Digital Storytelling

Digital storytelling = telling a story using tools on your computer.

What is a “story” here consists of more than one type of media (images + text, audio + images, etc) that are assembled on the web, and can be presented on the web or embedded into other web sites.

A story does not always to be read from a book or told orally from an Elder. It can be told digitally as well.  Web 2.0 has over 50 tools you can use to do this, such as Bubble Share or Voice Thread.   CogDogRoo has a great site explaining all the different tools you can use with your students.

There are 3 basic steps to creating a digital story.  First, students need to create an outline for their story.  The most difficult part of digital storytelling is choosing a story to make an outline for.  Students sometimes struggle with finding an idea on their own and make the concept a lot harder than it actually is.  Personally, I like to give students some ‘suggestions’ in which they can choose from or allow them to choose their own.  Of course, I like to approve their idea before they can start with their outline in order to make sure that the concept is appropriate for the given assignment.

Next, students are to find some media to match their story.  This can also be tricky considering the media used in the digital story have to be copyright free; you need permission to re-use someone else’s media in your story.  This media can be in audio, video, or image form.  Click here for a list of websites where you can find copyright free media for your classroom.

Thirdly, choose a tool to build your story.  This tool is what will help you make your story come alive for its viewers.  This tool will not be as effective for you if you have not completed step one and two first! Using these storytelling tools is a neat new way to for the audience to connect with the author and the characters in the story.  Students may feel more comfortable when telling their story as well because: a) the story is their own and b) they are telling it to a computer which may be a lot less intimidating than their classmates.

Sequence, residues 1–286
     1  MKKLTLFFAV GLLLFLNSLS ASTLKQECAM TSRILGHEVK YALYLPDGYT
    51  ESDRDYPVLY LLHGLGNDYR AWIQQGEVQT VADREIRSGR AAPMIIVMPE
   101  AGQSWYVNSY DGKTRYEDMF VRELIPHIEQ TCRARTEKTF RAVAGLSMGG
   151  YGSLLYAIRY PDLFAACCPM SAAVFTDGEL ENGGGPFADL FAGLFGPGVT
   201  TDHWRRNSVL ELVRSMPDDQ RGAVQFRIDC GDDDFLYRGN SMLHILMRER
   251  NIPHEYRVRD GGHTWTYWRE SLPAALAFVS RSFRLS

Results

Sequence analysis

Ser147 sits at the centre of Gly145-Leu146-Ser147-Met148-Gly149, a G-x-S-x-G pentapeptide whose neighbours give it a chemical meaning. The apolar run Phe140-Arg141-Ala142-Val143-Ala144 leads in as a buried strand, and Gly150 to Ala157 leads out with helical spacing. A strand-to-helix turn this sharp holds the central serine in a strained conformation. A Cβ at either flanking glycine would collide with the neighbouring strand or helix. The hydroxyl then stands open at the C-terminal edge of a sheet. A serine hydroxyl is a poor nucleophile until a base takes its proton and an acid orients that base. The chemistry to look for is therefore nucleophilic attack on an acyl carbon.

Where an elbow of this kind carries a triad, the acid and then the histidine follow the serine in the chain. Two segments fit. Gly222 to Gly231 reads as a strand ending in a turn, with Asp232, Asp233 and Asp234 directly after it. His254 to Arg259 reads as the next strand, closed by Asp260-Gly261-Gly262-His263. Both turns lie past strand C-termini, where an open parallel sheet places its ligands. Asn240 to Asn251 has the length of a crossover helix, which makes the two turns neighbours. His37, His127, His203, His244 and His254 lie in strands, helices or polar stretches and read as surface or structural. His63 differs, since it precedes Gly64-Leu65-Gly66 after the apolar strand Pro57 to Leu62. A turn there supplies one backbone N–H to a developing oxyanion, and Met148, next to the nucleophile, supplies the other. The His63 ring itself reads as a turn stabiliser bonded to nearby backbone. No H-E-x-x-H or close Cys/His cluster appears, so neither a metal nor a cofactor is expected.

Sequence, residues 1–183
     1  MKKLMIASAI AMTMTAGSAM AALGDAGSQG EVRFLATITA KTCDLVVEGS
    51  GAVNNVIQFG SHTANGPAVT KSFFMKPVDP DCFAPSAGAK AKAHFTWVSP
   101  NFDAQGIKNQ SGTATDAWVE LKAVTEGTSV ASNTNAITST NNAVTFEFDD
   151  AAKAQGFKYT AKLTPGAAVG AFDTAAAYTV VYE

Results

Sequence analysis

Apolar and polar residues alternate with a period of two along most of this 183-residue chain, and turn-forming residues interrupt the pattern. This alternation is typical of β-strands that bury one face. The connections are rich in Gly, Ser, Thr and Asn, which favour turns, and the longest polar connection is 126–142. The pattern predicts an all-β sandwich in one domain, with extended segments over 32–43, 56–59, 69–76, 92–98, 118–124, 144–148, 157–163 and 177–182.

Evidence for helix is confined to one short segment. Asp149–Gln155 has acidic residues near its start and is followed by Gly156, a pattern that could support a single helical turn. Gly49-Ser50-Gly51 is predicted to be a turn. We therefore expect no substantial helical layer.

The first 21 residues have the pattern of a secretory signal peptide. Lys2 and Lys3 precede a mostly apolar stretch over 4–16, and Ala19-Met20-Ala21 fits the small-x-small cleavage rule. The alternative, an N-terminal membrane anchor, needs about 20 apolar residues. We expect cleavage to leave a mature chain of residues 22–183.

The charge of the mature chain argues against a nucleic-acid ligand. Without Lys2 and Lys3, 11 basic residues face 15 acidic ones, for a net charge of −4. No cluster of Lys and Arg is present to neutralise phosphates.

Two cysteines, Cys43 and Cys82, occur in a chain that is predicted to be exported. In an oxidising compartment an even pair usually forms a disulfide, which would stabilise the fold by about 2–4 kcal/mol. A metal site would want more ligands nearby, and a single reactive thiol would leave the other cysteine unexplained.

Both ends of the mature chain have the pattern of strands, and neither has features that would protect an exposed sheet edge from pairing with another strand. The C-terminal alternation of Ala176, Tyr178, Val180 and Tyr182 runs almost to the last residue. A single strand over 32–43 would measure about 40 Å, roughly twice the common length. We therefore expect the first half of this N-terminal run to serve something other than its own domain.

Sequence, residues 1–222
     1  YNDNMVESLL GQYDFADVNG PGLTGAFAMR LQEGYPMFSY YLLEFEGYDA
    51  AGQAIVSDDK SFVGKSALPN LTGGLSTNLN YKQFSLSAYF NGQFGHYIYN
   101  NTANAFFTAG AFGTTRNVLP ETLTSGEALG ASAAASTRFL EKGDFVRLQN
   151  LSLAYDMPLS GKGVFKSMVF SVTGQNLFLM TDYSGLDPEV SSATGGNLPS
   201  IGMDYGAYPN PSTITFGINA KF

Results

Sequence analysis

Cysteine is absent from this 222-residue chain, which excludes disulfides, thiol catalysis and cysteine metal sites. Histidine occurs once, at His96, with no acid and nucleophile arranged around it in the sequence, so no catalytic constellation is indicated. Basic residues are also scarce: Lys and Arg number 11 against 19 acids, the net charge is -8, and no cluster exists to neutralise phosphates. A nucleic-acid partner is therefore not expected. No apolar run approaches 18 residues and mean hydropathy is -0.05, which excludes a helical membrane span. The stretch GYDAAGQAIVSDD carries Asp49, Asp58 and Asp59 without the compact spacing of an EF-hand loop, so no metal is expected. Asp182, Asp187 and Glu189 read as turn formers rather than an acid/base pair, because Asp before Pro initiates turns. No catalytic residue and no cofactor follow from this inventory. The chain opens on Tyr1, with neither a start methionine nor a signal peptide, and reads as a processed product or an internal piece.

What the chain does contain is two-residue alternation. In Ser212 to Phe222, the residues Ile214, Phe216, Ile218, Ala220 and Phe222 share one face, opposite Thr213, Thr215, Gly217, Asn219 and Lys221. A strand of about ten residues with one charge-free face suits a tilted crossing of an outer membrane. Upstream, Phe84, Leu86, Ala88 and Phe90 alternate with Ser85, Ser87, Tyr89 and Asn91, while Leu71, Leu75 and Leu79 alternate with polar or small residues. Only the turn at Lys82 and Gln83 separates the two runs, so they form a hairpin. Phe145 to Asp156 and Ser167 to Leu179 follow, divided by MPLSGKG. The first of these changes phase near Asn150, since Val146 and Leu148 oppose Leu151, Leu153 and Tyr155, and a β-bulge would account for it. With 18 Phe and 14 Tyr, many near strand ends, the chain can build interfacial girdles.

“Web 2.0 storytelling picks up these new types of stories and runs with them, accelerating the pace of creation and participation while revealing new directions for narratives to flow.”

As an educator, there are many purposes of using digital story telling in the classroom.  Not only are the students learning about how to write a story with a beginning, a middle, and an end, but are learning how to express themselves and find their voice in a secure setting.  If they make a mistake when reading and recording their audio it is as simple as going back and re-recording the sentence.  Mistakes are easily fixed the finished product is done in the best they can be done.  These story telling tools can be used for students of all ages as well, but if using them in the younger grades the teacher will need to help out to receive the product he/she is looking for.

What are some other strengths to digital story telling?  Any weaknesses?

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6 responses to “Digital Storytelling

  1. Great summary of the process of DST. This is valuable, and I appreciate you taking the time to put these steps and resources into this format.

  2. Awesome resource Sarah. Your creativity and ability to create an easy to follow template is astounding. I know wherever you land a teaching job your students will have a great teacher! I can’t wait to try this myself when I get more time.

  3. Sarah, some of my teachers are just beginning to explore digital storytelling. You have given a very helpful explanantion of what it is, why it’s important and how to get started. I am going to pass this along to my staff with the hope that in reading it they’ll be encouraged to give the tools you suggest a try.

  4. Just passing by.Btw, your website have great content!

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  5. Pingback: Getting Started « Krystal’s Blog

  6. Pingback: My Digital Footprint « Miss Hill’s Blog

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